Washington: Millions of Americans are set to lose their unemployment coverage after Saturday as President Donald Trump resisted signing a sweeping $900 billion aid package until lawmakers more than tripled the size of relief checks, putting the fate of the measure in limbo.
Trump’s resistance to signing the bill risks leaving millions of unemployed Americans without crucial benefits, jeopardizes other critical assistance for businesses and families set to lapse at the end of the year, and raises the possibility of a government shutdown Tuesday.
The president blindsided lawmakers this past week when he described as “a disgrace” a relief compromise that overwhelmingly passed both chambers and was negotiated by his own Treasury secretary. He hinted he might veto the measure unless lawmakers raised the bill’s $600 direct payment checks to $2,000, and Trump, who was largely absent from negotiations over the compromise, doubled down on that criticism Saturday while offering little clarity on his plans. A White House spokesperson declined to indicate what the president intended to do.
“I simply want to get our great people $2000, rather than the measly $600 that is now in the bill,” Trump said on Twitter Saturday, a day he continued to dedicate many of his posts to falsehoods about the election.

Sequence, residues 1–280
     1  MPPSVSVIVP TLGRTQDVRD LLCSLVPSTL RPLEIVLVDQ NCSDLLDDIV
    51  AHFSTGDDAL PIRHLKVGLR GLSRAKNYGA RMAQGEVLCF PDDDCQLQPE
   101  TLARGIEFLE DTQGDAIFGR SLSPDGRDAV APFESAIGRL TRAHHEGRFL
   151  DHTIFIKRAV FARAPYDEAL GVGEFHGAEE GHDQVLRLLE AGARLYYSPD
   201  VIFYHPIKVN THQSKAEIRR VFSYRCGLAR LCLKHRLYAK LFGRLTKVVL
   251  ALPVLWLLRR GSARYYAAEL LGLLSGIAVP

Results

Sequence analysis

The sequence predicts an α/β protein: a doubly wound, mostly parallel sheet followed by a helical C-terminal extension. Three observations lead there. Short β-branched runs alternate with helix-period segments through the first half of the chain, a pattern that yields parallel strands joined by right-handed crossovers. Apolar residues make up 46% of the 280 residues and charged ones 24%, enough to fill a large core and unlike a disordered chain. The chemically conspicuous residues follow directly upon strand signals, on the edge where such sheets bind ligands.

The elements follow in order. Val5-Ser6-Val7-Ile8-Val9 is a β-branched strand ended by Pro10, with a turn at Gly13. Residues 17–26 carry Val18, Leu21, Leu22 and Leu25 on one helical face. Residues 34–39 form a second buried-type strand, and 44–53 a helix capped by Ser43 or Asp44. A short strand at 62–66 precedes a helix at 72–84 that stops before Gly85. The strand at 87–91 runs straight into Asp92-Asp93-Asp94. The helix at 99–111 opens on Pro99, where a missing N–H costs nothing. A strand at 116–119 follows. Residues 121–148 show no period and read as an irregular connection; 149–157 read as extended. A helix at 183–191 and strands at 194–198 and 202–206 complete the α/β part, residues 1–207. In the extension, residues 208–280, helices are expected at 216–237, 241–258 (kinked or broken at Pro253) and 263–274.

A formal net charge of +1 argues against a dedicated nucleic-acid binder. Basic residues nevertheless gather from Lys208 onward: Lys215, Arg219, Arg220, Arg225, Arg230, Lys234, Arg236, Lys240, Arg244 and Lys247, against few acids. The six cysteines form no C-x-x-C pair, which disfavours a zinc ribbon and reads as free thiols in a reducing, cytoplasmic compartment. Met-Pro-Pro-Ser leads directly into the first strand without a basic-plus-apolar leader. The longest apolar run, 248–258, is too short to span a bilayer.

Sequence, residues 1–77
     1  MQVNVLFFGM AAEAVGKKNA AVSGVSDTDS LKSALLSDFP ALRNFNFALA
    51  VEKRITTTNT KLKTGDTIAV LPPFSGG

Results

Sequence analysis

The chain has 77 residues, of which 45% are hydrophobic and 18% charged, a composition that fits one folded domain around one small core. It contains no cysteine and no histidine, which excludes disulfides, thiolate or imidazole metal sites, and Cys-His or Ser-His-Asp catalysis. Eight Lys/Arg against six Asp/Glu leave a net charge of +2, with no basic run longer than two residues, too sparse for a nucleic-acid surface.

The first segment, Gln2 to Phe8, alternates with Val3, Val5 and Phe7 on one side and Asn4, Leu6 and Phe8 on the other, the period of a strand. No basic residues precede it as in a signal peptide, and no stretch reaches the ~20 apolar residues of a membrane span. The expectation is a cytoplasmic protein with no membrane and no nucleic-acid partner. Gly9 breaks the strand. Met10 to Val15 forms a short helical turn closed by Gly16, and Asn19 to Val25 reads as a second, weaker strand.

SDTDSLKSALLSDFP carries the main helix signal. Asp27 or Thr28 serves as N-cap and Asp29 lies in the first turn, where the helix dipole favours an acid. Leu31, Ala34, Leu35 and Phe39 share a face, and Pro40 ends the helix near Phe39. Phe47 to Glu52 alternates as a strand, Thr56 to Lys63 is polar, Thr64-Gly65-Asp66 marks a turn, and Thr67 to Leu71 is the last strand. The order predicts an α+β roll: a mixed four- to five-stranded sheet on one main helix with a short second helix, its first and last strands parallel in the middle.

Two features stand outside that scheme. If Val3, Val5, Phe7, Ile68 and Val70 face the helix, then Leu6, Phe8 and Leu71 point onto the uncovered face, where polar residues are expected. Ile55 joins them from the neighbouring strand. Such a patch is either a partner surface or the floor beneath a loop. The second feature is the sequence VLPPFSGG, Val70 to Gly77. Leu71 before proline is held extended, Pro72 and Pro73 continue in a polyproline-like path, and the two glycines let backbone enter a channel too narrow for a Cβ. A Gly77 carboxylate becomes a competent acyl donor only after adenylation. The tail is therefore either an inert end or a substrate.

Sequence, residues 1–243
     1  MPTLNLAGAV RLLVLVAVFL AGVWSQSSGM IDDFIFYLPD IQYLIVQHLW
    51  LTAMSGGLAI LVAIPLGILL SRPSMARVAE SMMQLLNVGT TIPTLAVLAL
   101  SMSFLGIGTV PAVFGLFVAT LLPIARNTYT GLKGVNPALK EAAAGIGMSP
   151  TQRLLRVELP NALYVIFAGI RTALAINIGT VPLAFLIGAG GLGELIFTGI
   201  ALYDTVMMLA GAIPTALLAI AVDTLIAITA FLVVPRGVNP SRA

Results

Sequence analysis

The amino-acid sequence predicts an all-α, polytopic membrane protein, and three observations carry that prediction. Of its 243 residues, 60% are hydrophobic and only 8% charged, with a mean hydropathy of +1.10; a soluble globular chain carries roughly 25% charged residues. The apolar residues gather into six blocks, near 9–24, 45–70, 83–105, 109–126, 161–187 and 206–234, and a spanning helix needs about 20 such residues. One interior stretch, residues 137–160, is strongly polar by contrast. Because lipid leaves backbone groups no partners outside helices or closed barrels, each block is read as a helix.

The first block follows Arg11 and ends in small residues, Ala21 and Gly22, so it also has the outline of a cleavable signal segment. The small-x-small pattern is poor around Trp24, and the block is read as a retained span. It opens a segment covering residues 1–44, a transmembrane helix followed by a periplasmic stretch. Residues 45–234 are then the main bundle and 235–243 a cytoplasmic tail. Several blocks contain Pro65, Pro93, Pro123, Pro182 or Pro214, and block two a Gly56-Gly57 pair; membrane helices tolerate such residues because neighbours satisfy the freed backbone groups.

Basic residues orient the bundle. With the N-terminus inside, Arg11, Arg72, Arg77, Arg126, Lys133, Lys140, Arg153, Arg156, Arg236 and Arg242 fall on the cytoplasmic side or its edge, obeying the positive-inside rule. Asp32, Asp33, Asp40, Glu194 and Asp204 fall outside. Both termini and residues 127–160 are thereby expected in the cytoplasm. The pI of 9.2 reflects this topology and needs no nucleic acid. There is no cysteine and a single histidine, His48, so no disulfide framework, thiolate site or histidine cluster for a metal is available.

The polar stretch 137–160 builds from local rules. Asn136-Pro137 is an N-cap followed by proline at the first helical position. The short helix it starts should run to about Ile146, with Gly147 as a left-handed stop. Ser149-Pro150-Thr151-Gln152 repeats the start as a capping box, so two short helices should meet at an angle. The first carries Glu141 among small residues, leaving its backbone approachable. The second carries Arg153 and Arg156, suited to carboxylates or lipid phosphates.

If the president does not sign the $2.3 trillion spending package, which includes the $900 billion in pandemic aid as well as funding to keep the government open past Monday, coverage under two federal jobless programs that expanded and extended benefits will lapse after Saturday, meaning millions of unemployed workers will lose them.
The consequences of such a delay are dire, economists, policy experts and lawmakers said, particularly as the country’s economic recovery continues to sputter and the pandemic ravages the country. Some warned that any resolution at this point may be too late for families who will have lost their only lifeline shielding them from the brunt of the pandemic’s economic toll and will further burden overwhelmed state unemployment agencies waiting for guidance on how to enact the legislation.
“Foreclosures, hunger, homelessness, suicide,” said Michele Evermore, a senior policy analyst for the National Employment Law Project, a nonprofit workers rights group. “There will be very permanent things that happen to people that can’t be fixed by a check in three weeks.”
Even if the legislation becomes law before the end of the 116th Congress on Jan. 3, the delay will have guaranteed a temporary lapse in unemployment benefits because states will not be allowed to restart benefits until the first week of January.
The delay has also effectively reduced the scope of the extension and expansions in the relief bill because they are still scheduled to end in mid-March. A provision in the bill adding $300 a week to unemployment benefits would now last for 10 weeks, instead of the intended 11.